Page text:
Com­mit­tee un­veils Eco­nomic De­vel­op­ment Ac­tion Plan with goal of mak­ing Bris­tol a bet­ter place to live, in­vest and visit

The Advance of Bucks County - - FRONT PAGE - By El­iz­a­beth Fisher

BAd­vance cor­re­spon­dent RIS­TOL BOROrdH - Ten months in the mak­ing, the town’s Eco­nomic De­vel­op­ment Strate­gic Ac­tion Plan was un­veiled June 17 at a spe­cial coun­cil meet­ing at bor­ough hall. Bill Pezza, chair­man of the com­mit­tee, spoke to a stand­in­groom-only crowd about the 61 sug­ges­tions that the plan­ning com­mit­tee be­lieves are the best ways to make Bris­tol a good place to live, in­vest, and visit.

The plan is “fluid,” Pezza said, mean­ing that as some goals are met, oth­ers will be put in their place. He cited work that the govern­ment has al­ready com­pleted: paved streets, new traf­fic signals, new equip­ment and main­te­nance build­ing and other projects that mod­ern­ized the in­fra­struc­ture of the town.

“The bor­ough suc­cess­fully built the ‘’old bones’’ of the town’s in­fra­struc­ture. [The com­mit­tees’ workz is not a crit­i­cism of the coun­cil. vou can’t do it all,” he said.

The plan out­lines goals that Pezza hopes will be im­ple­mented over the next five years. Fol­low­ing a 40-minute power point pre­sen­ta­tion, coun­cil mem­bers, then res­i­dents, were in­vited to as ques­tions, ex­press con­cerns, and of­fer sug­ges­tions.

One ma­jor con­cern that many bor­ough of­fi­cials be­lieve tar­nishes the bor­ough’s im­age is the preva­lence of ab­sen­tee land­lords, and a lengthy dis­cus­sion fol­lowed on how to ad­dress the prob­lem. Coun­cil Pres­i­dent Ralph Diduiseppe be­lieves that the time has come to crack down on the prob­lem through ci­ta­tions and stepped-up in­spec­tions.

The use-and-oc­cu­pancy or­di­nance is an­other weapon the bor­ough could use to en­sure rental properties meet safety and vis­ual stan­dards.

“Ab­sen­tee land­lords have no Diduiseppe said.

Coun­cil Mem­bers (dreg) Pezza, Lor­raine Cullen and Betty Ro­driguez called for hir­ing a part-time in­spec­tor, a move they be­lieve would help keep track of, and take ac­tion on, er­rant land­lords and home­own­ers who ne­glect their properties.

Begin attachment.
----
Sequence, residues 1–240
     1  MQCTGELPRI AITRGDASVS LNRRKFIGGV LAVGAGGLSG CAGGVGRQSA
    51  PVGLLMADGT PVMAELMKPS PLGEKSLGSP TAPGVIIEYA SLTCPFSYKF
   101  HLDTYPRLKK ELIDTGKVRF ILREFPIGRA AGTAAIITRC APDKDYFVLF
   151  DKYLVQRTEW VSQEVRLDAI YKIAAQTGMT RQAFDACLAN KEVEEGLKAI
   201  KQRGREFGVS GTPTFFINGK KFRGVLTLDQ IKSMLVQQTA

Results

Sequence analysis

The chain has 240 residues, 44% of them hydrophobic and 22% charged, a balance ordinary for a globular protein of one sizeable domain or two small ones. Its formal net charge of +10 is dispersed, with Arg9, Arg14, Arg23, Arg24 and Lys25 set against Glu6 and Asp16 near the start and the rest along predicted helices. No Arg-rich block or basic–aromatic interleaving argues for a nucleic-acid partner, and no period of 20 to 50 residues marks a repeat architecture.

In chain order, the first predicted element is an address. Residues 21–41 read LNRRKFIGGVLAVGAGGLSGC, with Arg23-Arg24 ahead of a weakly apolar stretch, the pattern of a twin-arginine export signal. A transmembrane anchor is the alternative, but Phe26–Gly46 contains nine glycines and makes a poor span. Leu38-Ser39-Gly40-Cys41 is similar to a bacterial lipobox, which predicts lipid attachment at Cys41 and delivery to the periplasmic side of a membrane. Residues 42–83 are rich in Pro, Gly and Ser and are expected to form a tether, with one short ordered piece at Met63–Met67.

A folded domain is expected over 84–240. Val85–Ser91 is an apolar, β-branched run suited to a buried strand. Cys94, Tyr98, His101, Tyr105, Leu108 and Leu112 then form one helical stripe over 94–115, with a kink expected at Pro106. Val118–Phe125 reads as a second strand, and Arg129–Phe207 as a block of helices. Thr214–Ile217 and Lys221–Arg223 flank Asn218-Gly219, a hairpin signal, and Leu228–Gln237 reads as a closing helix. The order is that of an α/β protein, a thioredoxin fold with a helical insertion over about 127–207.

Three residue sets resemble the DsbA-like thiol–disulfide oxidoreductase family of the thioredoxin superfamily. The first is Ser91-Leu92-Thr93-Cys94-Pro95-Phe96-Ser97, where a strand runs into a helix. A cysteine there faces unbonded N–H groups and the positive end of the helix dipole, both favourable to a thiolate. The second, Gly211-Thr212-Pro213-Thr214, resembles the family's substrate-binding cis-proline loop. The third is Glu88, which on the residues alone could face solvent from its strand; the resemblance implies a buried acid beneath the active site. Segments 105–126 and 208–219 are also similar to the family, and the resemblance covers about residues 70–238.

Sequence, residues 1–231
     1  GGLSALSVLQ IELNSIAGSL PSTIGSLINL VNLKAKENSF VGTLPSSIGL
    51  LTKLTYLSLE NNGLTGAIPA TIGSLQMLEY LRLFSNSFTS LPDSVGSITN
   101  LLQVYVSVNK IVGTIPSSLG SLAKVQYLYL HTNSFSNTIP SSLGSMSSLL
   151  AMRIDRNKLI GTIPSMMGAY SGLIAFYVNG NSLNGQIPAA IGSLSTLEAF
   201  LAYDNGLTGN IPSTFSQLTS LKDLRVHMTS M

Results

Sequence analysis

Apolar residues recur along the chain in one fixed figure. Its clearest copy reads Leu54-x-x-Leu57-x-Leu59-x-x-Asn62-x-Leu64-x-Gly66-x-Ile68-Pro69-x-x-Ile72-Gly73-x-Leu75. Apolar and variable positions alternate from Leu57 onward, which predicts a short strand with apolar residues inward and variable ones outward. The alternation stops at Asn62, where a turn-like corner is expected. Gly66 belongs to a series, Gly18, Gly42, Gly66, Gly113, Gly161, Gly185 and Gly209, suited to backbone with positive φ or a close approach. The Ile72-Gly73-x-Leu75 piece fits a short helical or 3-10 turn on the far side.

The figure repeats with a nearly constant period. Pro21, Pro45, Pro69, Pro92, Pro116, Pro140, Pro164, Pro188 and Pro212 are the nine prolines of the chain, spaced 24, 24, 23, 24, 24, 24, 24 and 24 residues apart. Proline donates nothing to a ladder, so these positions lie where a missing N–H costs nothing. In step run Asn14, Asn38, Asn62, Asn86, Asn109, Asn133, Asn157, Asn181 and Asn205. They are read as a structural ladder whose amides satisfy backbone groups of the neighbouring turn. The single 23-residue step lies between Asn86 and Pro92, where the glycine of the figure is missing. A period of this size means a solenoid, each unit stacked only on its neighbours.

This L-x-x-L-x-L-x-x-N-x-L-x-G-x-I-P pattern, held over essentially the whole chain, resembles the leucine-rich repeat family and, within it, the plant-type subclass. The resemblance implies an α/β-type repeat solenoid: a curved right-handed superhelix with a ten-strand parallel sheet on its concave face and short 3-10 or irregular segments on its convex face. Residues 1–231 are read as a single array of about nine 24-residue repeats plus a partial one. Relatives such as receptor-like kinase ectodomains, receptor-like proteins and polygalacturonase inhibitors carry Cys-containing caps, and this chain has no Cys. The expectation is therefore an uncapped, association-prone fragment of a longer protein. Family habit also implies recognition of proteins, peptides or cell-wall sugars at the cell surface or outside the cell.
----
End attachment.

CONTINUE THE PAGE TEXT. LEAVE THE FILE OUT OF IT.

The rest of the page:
“We’re not try­ing to make money off of peo­ple [by im­pos­ing fines}. We’d rather see properties cleaned up,” Ro­driguez said.

Coun­cil­men Tony Devine, Pat Sa­ba­tini, and Leo Plen­ski were ab­sent.

Diduiseppe and other coun­cil Mem­bers, Robyn Trunell, Betty Ro­driguez, dreg Pezza all ex­pressed pos­i­tive reac-



this town,” tions to the re­port, which out­lined a va­ri­ety of mea­sures to im­prove the town and en­hance its mar­ketabil­ity. The com­mit­tee broke down the sug­ges­tions into 10 “pil­lars,” or cat­e­gories on whch ac­tion could be taken.

They in­clude build­ing up bor­ough neigh­bor­hoods and in­fra­struc­ture, and cre­at­ing fi­nan­cial tools and in­cen­tives to sup­port pur­chase and re­ha­bil­i­ta­tion of run-down homes. Fed­eral tax in­cen­tives of his­toric build­ings and first-time home buyer in­cen­tives are al­ready avail­able, Pezza said.

Build­ing and cre­at­ing a vi­brant busi­ness dis­trict, uni­form en­force­ment of bor­ough laws and reg­u­la­tions, pre­serv­ing Bris­tol’s his­toric her­itage, and work­ing with the school dis­trict to ad­dress prob­lems and cre­ate pro­grams that raise the schools’ aca­demic per­for­mance were in­cluded in the re­port.

Other items ad­dressed in­cluded: cre­at­ing a the­ater dis­trict, which would in­clude the blocks sur­round­ing the Bris­tol River­side Theatre; ex­pand­ing the Bris­tol Bor­ough Busi­ness As­so­ci­a­tion to in­clude sev­eral hun­dred other busi­nesses and pro­fes­sional of­fices in town; and work­ing to de­fer “ad­di­tional as­sessed val­u­a­tion and taxes as­so­ci­ated with ac­tual re­con­struc­tion costs.

To see the com­plete list of sug­ges­tions on the re­port, visit www.buck­slo­

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